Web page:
Cities Taking on New Security Roles amid Economic Concerns

By Reinemer, Michael; Hoene, Chris | Nation's Cities Weekly, September 9, 2002 | Go to article overview

Cities Taking on New Security Roles amid Economic Concerns


Reinemer, Michael, Hoene, Chris, Nation's Cities Weekly


Nearly a year after September 11, city officials put biological, chemical and cyber terrorism at the top of their list of concerns about terrorist threats, according to a new State of America's Cities Survey of 725 cities by the National League of Cities. But some top concerns, like cyber-terrorism, are addressed by only a small number of cities in their anti-terrorism planning.

The survey reveals that America's cities are taking on new responsibilities related to homeland security, while at the same time traditional concerns about crime, the economy and infrastructure are also requiring greater attention. These added responsibilities come at a time when city officials are also more and more concerned about local fiscal and economic conditions, and point to a need for a real partnership with federal and state government.

"Cities are the natural targets of this evolving terrorist threat, and we have risen to the challenge of protecting citizens over the past year" said National League of Cities President Karen Anderson, mayor of Minnetonka, Minn. "But even though cities are at the very center of homeland security, they seem to be an afterthought when it comes to federal and state priorities for providing funding and communicating key information."

Biological, Chemical, and Cyber Terrorism Top Anti-Terrorism Concerns

The survey reveals that biological terrorism topped the list of current concerns (mentioned by 82 percent of all cities and 95 percent of large cities--100,000-plus in population), followed by chemical threats (81 and 92 percent), and cyberterroriam (80 and 91 percent). Other top concerns were car bombs (70 percent of all cities and 91 percent of large cities), "dirty" bombs that release nuclear material (67 and 85 percent), radiological attacks (62 and 78 percent), suicide bombs (62 and 82 percent), and airplanes used as weapons (60 and 76 percent). City leaders in larger cities were more likely to express concern about all types of terrorism.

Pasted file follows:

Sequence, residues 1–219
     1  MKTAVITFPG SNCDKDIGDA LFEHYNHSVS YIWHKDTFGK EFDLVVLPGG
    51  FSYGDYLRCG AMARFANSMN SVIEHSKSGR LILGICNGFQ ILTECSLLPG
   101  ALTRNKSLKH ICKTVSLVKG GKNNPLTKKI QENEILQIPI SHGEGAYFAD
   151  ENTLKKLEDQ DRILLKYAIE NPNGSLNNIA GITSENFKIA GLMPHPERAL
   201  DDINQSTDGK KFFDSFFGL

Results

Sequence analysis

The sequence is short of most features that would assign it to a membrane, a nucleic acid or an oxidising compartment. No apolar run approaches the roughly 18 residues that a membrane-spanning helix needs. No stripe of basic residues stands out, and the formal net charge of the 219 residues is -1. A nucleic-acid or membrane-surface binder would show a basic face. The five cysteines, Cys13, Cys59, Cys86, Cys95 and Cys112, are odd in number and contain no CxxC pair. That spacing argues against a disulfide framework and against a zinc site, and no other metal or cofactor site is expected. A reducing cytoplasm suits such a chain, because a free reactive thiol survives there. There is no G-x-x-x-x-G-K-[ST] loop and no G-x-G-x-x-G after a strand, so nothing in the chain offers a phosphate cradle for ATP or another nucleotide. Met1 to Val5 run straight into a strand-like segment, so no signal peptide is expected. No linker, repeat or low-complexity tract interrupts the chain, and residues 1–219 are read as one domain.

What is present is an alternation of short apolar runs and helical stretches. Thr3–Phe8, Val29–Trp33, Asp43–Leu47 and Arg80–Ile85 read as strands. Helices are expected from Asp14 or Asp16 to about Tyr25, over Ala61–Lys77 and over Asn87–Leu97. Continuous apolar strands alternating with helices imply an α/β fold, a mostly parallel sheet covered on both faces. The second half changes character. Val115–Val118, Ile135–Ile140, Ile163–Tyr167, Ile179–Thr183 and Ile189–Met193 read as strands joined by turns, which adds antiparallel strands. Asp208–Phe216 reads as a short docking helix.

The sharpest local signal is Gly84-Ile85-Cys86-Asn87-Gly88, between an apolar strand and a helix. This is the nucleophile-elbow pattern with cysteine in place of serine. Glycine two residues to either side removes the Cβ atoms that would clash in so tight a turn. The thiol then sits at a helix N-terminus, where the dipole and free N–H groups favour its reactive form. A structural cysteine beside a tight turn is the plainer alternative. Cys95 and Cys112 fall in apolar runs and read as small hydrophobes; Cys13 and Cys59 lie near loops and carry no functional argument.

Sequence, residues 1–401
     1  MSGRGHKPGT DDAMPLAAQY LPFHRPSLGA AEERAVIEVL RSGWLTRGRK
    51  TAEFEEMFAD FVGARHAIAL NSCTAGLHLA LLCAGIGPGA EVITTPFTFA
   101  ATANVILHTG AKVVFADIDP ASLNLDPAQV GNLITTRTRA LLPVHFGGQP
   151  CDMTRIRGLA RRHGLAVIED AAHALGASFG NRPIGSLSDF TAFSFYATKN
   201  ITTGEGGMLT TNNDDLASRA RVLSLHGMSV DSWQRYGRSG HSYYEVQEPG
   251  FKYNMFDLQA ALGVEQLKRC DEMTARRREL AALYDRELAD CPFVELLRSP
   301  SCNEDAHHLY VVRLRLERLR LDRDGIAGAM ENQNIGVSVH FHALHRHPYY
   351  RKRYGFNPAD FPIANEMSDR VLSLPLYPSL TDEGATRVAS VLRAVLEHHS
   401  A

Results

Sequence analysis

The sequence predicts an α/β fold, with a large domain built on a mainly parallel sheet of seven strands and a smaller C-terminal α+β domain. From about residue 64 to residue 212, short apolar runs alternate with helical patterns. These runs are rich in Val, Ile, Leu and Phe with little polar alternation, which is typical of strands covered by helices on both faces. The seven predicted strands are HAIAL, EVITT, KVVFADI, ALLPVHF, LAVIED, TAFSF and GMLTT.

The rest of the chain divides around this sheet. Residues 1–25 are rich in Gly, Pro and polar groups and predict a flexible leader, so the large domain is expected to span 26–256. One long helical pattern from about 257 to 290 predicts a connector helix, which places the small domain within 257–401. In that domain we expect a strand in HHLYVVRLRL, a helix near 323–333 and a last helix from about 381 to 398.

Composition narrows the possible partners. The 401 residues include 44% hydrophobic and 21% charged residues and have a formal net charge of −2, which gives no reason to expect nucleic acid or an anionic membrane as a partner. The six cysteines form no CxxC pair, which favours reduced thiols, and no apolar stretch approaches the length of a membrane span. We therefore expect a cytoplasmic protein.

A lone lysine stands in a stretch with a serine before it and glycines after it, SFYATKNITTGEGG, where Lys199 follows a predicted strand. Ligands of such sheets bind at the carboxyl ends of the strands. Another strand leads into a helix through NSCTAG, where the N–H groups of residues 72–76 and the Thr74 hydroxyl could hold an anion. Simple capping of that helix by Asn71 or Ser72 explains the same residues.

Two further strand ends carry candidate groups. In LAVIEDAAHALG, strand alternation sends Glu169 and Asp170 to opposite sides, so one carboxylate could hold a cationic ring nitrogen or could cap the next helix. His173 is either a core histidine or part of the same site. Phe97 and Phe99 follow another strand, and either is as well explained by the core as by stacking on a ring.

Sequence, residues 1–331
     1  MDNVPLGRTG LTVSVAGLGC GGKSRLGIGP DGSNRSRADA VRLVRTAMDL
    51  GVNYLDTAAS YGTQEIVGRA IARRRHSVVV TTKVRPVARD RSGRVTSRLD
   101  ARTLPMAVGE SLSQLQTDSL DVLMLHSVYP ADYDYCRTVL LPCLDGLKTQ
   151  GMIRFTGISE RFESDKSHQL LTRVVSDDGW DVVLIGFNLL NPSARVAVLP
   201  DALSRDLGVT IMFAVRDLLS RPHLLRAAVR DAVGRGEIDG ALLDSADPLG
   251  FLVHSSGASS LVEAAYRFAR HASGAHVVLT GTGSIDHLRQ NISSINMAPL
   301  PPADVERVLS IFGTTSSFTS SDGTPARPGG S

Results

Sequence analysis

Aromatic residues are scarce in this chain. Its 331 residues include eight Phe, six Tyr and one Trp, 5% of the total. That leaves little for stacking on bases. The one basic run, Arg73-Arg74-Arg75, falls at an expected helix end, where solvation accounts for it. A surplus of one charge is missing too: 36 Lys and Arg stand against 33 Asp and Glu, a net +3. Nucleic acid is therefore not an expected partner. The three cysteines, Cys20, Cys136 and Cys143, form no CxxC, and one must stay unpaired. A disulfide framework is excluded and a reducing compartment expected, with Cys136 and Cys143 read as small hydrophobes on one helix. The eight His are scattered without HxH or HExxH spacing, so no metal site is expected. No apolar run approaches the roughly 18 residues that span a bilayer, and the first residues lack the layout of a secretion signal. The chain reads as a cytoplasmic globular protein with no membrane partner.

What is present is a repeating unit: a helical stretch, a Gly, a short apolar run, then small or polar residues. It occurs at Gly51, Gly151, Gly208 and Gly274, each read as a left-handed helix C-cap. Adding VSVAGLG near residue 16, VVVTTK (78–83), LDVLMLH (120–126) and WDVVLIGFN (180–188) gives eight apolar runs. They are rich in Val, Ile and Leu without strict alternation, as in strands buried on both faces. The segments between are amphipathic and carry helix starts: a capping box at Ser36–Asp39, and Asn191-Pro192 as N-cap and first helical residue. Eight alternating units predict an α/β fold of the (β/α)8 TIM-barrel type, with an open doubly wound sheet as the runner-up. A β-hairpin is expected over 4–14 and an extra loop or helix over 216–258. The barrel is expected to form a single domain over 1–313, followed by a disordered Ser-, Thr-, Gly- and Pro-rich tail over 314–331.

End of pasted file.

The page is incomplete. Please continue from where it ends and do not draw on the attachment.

For some threats, there are large gaps between concern and planning. Cyberterrorism is a concern of 80 percent of all cities but only 26 percent said their plans address cyberterrorism. Among large cities, 91 percent are concerned about cyberterrorism but only 43 percent have developed strategies that address that threat in their anti-terrorism plans. Sixty-seven percent of all cities are concerned about dirty bombs but only 29 percent address that threat in their plans. Among large cities, 86 percent are concerned about dirty bombs and 54 percent have addressed the threat in their plans.

The survey also found that only one in five cities (20 percent) had integrated the color-coded Homeland Security Advisory System into local planning efforts. Thirty-six percent said they had not integrated the federal alert system with their plans and 32 percent said they were working on it. Slightly more of large cities said they had integrated the alert system into their plans (27 percent) and 44 percent said they were working on it.

Placing the threat of terrorism in perspective, cities cited traditional, ongoing issues more often than terrorism as one of their top concerns. Ranking first was the need for traditional public safety and crime prevention (cited by 62 percent of all dries and 69 percent of large cities), followed by the economic conditions (55 percent of all cities and 53 percent of large cities), and infrastructure investment (44 percent of all cities). Among all cities, terrorism readiness ranked fourth with 34 percent mentioning it among top priorities. However, among large cities, terrorism tied with economic conditions as the second most often cited concern (53 percent).

Fiscal Impacts

The addition of new anti-terrorism responsibilities, combined with heightened concerns about the traditional and ongoing issues, comes at a time when city fiscal conditions are at a 10-year low. …

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